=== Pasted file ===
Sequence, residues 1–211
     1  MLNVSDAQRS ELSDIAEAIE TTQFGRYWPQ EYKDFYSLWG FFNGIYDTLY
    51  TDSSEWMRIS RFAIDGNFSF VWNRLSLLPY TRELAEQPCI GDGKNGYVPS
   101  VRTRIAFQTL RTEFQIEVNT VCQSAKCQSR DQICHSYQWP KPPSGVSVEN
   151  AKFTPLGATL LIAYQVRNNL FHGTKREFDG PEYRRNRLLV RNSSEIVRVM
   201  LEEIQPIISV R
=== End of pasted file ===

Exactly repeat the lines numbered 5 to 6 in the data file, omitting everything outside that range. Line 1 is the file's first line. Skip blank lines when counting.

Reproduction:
   151  AKFTPLGATL LIAYQVRNNL FHGTKREFDG PEYRRNRLLV RNSSEIVRVM
   201  LEEIQPIISV R